UN investigators called Tuesday for an expert evaluation of whether Myanmar's civilian leader Aung San Suu Kyi can be legally implicated in alleged abuses committed against the country's Rohingya minority.
The fact-finding mission to Myanmar, set up by the UN Human Rights Council, said they were not equipped to determine what level of responsibility Suu Kyi should shoulder for the Rakhine crisis.
"It will become a legal issue whether or not there is an element of culpability here," fact-finding mission chair Marzuki Darusman told reporters in Geneva.
The Human Rights Council recently created a panel to prepare criminal indictments over alleged abuses committed in the country -- the so-called Independent International Mechanism for Myanmar (IIMM) -- which could have the expertise to determine what responsibility Suu Kyi bears in the crisis.
"It is still an open-ended question to what extent she might be implicated," Darusman said.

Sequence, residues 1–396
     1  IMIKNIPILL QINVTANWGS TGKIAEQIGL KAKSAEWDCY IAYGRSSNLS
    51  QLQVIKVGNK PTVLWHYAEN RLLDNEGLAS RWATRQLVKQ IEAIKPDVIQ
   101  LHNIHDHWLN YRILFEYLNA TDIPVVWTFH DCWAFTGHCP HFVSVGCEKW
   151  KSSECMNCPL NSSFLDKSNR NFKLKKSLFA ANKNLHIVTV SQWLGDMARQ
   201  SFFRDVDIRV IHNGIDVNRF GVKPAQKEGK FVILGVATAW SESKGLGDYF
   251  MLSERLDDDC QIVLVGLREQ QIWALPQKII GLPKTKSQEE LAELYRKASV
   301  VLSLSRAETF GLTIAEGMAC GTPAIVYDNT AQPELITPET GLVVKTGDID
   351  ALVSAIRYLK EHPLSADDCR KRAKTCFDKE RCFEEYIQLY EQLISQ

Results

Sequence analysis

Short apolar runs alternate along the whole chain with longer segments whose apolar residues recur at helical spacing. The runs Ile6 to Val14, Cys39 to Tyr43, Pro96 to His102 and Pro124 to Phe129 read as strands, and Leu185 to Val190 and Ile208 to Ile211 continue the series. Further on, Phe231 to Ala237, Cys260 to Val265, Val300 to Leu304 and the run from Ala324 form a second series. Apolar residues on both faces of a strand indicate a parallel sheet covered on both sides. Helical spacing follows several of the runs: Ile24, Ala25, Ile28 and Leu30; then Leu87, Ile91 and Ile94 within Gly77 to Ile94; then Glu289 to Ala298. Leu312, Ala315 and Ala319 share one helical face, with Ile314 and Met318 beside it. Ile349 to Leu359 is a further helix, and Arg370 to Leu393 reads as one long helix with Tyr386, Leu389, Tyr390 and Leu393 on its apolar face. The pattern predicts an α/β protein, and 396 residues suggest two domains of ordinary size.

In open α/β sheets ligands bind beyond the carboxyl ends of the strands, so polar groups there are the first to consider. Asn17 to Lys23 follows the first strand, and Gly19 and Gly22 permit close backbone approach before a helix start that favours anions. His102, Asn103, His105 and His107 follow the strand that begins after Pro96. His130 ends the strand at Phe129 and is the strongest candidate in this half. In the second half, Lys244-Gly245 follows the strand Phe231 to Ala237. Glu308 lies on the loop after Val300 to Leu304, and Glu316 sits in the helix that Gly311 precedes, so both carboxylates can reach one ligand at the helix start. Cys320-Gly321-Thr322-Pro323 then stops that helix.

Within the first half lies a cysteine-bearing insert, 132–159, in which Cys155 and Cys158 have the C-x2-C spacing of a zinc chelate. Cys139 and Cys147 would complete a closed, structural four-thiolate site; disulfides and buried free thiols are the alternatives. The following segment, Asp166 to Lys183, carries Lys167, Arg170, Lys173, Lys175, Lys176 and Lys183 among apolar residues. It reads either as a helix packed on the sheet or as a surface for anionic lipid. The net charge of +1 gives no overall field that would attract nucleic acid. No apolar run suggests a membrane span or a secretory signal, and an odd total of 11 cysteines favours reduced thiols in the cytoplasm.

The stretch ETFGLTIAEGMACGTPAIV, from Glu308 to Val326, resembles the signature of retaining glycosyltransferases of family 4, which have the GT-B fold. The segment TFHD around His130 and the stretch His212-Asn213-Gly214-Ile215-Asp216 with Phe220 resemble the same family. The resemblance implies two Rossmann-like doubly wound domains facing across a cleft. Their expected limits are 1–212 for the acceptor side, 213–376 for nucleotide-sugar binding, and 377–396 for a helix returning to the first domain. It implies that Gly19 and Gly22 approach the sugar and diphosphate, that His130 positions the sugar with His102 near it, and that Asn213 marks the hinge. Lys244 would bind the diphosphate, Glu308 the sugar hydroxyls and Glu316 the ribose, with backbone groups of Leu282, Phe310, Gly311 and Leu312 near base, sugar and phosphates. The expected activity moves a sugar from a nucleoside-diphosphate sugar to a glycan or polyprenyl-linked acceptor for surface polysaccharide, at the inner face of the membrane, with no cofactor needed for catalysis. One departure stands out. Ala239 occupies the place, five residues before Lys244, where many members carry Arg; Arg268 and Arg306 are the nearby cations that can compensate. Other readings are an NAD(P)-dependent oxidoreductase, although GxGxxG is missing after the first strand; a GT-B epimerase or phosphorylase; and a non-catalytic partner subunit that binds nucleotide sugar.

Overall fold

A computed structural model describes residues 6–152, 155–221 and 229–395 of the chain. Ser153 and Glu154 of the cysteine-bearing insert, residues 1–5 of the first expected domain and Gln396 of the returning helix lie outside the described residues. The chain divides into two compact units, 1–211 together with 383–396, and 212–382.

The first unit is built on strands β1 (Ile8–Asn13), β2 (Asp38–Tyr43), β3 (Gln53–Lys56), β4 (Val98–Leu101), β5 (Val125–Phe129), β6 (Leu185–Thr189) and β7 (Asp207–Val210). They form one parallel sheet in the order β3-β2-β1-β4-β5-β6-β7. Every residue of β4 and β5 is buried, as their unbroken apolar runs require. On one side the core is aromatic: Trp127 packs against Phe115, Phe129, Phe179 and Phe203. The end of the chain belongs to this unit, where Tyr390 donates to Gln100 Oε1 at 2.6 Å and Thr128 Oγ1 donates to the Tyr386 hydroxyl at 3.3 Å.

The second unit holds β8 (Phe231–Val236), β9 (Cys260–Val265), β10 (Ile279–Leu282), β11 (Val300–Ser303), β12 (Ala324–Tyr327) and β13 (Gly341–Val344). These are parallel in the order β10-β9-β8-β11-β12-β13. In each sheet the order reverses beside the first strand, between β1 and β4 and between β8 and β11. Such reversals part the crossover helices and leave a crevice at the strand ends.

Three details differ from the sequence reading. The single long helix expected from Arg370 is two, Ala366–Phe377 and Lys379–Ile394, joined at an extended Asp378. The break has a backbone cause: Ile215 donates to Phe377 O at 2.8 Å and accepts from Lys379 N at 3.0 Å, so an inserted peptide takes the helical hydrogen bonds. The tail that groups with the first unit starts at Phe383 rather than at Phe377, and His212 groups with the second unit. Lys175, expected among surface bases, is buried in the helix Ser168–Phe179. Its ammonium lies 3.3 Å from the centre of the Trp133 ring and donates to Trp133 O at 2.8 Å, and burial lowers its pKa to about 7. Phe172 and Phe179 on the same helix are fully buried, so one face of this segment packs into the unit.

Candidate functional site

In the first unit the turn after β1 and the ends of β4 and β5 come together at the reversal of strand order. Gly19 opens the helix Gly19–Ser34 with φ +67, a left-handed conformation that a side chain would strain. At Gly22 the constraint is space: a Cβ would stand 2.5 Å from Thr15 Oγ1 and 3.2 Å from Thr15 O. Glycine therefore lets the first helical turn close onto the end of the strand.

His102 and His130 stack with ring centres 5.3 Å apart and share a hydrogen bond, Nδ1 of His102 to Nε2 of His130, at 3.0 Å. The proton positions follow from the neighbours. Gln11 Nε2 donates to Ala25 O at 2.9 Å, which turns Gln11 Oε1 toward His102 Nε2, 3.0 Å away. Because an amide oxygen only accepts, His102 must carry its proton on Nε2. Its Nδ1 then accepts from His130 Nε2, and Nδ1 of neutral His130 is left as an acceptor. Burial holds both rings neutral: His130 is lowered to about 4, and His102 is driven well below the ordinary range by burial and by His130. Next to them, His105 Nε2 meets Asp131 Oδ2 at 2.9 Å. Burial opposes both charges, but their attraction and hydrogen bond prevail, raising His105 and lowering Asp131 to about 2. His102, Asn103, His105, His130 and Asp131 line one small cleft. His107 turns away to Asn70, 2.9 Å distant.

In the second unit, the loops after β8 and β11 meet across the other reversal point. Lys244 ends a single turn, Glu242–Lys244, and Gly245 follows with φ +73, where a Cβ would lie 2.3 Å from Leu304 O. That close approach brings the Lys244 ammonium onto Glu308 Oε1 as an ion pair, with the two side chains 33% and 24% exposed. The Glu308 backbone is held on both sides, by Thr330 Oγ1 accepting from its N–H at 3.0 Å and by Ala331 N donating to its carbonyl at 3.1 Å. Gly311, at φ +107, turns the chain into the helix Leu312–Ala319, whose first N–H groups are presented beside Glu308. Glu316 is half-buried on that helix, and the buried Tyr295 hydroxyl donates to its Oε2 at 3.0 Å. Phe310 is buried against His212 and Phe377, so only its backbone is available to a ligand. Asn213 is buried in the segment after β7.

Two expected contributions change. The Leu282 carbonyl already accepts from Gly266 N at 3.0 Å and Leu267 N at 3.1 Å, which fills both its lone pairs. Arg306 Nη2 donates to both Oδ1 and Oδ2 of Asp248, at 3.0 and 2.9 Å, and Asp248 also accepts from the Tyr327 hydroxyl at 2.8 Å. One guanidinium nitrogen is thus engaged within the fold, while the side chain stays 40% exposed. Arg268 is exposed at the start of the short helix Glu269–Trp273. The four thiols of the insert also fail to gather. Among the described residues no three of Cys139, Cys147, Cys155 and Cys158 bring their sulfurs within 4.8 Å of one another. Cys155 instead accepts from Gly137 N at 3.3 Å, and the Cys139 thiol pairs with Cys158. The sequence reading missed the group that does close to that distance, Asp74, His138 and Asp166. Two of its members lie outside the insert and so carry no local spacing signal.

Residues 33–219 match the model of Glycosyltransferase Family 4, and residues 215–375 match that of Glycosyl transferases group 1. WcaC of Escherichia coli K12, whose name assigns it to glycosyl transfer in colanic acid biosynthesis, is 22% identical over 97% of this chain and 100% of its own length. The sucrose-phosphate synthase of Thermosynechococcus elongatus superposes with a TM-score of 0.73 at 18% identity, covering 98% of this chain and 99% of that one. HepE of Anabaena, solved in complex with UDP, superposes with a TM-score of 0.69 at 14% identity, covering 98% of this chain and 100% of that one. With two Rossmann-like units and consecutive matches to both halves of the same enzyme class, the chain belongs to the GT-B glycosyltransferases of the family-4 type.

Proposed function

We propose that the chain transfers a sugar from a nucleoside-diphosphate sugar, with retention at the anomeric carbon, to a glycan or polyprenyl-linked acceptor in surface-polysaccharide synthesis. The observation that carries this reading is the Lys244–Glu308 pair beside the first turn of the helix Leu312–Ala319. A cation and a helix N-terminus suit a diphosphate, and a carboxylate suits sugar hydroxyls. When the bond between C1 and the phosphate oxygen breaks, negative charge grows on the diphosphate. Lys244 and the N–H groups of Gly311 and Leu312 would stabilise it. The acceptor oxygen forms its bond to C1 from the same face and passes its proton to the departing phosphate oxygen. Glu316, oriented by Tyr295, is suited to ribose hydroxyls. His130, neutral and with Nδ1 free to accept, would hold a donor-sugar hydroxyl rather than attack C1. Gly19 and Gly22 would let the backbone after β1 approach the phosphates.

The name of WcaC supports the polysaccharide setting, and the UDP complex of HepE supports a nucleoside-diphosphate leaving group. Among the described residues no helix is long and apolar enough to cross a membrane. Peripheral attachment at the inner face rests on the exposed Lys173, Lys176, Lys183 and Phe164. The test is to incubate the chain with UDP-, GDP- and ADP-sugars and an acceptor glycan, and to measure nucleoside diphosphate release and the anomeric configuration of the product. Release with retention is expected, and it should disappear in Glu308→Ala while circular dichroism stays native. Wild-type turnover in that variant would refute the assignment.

When asked if the Nobel laureate might be implicated, he said "that is for the judicial process to address," referring to the IIMM.
Darusman said that the investigators initially shied away from laying blame on Suu Kyi, who spent years in house arrest before her party in 2015 won Myanmar's first fully free vote for generations.
He said that the fact-finding team had taken into account that Myanmar was "going through a transition, a democratic transition, and therefore in our first report we absolved Mrs. Aung San Suu Kyi from any direct responsibility."
But while it was likely that Suu Kyi was not aware in August 2017 of the army's activities, "the issue now is that subsequently, there was no further addressing of this issue on her part," Darusman said.